UK farming minister backs expansion of seasonal workers

Britain’s farming and environment minister George Eustice said on Wednesday he would push for more agricultural workers to be allowed to come to Britain from other countries under a seasonal scheme once free movement from the European Union ends.

The seasonal workers scheme currently allows 10,000 workers to come to Britain to work in agriculture but farmers have been seeking an expansion to 70,000 workers when they are no longer able to bring in workers from the EU under free movement rules.

Eustice said he had pressed hard for expanding the seasonal scheme to 10,000 from 2,500 for this year even though EU workers will still be free to come to Britain until the end of the transition agreement on December 31, 2020.

“Of course if we are not going to have free movement for a so-called low-skilled labour route for other countries in the European Union then the policy remedy will be the seasonal agricultural workers scheme and it will need to be expanded,” he told the National Farmers Union (NFU) annual conference.

Ali Capper, who produces about 10 million apples a year at her farm in Worcestershire in central England, said she would need to start recruiting seasonal workers for 2021 in the autumn of this year and so would need to know the details before then.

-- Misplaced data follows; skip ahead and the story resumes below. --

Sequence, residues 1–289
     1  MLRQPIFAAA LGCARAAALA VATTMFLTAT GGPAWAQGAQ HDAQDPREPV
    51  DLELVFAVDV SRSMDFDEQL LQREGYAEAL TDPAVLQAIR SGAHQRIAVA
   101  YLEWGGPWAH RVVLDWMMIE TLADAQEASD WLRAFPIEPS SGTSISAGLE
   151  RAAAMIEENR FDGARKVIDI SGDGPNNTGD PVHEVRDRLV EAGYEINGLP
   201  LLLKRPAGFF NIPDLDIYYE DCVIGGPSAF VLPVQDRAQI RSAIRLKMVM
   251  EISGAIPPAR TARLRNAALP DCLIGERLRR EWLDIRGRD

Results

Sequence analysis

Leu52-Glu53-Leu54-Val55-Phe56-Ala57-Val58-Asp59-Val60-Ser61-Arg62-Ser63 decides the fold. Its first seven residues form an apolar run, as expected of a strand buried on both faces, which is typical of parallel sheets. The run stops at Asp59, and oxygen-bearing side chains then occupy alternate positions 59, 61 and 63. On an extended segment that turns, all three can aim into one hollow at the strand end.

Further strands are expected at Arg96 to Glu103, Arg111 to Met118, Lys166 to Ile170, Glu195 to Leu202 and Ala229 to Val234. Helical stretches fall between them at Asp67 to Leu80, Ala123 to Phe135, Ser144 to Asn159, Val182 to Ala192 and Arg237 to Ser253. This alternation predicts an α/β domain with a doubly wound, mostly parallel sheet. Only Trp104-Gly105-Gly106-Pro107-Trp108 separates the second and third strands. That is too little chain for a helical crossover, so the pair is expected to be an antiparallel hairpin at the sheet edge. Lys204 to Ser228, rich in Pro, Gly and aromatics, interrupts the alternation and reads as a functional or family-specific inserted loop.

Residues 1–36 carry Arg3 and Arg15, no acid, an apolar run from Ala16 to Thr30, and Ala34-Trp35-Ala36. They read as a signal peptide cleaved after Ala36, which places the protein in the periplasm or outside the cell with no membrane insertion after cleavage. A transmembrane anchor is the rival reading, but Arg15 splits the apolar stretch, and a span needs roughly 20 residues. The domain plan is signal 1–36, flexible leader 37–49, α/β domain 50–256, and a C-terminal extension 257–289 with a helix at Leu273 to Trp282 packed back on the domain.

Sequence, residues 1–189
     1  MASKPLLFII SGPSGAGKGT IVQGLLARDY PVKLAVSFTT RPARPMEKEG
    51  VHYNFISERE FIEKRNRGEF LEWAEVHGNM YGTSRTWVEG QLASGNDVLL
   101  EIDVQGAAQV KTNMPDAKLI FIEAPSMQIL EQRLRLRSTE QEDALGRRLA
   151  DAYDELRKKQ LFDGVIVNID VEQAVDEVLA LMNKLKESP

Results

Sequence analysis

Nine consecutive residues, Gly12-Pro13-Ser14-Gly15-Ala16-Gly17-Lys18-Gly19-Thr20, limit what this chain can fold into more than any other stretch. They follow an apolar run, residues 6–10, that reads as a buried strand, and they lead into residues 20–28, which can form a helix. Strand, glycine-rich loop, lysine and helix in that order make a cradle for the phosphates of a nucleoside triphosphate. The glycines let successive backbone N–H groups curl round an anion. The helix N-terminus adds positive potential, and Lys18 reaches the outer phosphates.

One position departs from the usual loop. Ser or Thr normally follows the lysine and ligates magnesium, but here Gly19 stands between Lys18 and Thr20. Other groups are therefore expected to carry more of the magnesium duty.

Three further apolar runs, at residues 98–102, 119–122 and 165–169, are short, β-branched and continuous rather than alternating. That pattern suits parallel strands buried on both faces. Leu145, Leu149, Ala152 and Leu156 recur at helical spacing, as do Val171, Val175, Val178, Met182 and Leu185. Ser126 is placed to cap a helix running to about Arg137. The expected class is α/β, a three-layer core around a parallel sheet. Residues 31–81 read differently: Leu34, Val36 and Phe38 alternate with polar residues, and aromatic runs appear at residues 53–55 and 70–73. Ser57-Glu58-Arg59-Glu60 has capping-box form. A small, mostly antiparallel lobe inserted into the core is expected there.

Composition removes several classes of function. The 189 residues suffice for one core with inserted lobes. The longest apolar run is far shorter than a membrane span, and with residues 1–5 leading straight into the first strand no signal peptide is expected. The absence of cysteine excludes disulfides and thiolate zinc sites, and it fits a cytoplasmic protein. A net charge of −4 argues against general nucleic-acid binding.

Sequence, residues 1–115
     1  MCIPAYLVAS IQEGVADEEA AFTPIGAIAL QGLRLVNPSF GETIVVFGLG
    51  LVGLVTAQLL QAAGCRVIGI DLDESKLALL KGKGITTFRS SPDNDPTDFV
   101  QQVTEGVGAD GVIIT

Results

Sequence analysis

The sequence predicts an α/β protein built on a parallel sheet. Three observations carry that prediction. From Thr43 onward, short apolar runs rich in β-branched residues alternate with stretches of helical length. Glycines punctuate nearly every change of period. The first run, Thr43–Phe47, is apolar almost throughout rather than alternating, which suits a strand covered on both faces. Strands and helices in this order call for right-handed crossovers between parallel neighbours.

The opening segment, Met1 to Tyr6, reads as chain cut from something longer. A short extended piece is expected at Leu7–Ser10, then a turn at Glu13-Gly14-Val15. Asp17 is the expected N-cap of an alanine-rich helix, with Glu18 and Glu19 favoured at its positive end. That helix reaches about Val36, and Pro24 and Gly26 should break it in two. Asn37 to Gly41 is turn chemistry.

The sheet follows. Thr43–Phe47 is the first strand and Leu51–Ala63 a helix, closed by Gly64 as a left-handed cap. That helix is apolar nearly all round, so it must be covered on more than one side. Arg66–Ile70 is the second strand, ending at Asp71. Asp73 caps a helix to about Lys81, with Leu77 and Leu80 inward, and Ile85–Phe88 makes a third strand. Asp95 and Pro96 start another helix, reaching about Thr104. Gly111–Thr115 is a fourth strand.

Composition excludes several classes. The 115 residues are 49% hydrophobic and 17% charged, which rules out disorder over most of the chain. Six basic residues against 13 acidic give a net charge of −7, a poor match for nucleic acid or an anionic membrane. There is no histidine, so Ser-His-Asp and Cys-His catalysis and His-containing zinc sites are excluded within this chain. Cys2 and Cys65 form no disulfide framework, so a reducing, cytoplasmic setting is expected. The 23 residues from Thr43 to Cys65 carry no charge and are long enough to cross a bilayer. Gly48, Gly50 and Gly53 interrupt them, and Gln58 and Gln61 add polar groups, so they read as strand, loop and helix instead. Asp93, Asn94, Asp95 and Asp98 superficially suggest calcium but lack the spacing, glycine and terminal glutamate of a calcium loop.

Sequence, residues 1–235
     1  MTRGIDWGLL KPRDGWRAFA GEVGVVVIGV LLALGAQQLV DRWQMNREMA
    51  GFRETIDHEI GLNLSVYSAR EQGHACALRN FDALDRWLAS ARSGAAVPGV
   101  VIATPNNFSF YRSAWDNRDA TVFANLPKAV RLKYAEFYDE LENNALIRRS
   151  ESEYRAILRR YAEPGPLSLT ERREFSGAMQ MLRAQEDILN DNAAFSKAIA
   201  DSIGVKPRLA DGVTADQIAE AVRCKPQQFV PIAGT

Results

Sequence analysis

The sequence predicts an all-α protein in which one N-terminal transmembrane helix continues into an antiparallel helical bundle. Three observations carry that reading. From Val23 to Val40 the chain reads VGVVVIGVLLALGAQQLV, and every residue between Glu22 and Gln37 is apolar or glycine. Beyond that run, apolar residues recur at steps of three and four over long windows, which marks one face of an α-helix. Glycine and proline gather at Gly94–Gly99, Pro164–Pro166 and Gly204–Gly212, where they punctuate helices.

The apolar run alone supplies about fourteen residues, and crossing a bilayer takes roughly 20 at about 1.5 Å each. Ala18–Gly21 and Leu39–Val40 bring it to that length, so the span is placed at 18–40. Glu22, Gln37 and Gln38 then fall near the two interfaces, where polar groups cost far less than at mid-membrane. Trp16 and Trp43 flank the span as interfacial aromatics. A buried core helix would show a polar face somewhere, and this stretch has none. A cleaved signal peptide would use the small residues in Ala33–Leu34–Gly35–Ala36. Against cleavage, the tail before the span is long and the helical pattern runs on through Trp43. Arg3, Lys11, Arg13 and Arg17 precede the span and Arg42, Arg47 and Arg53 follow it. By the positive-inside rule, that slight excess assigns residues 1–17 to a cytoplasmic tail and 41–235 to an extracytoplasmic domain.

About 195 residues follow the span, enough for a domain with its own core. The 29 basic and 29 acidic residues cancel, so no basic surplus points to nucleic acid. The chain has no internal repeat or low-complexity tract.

“If there is no labour, there is no business,” said Capper, who is chair of the NFU’s horticulture board.

Lobbying Cabinet

British farming has begun its greatest upheaval in decades following the country’s departure from the EU.

Prime Minister Boris Johnson appointed Eustice as farming and environment minister earlier this month. He had held more junior positions in the ministry for several years.

He will have to lobby within cabinet on issues such as expanding the seasonal workers scheme and some farmers are concerned he may lack the influence of some of his better known predecessors such as Michael Gove.

NFU president Minette Batters said Gove had initially had little knowledge about the industry but “could make the case to treasury and right across government”.

“I think that is the challenge George Eustice faces. Is everything he is saying going to be able to resonate right across cabinet, is he going to able to influence the Home Office (interior ministry) on labour, the Department for International Trade on standards,” Batters said.

Britain formally left the EU on Jan 31 but will remain bound by the bloc’s laws and regulations during the transition period. Johnson has ruled out extending that period even if Britain and the EU have not yet reached a comprehensive trade agreement by Dec 31.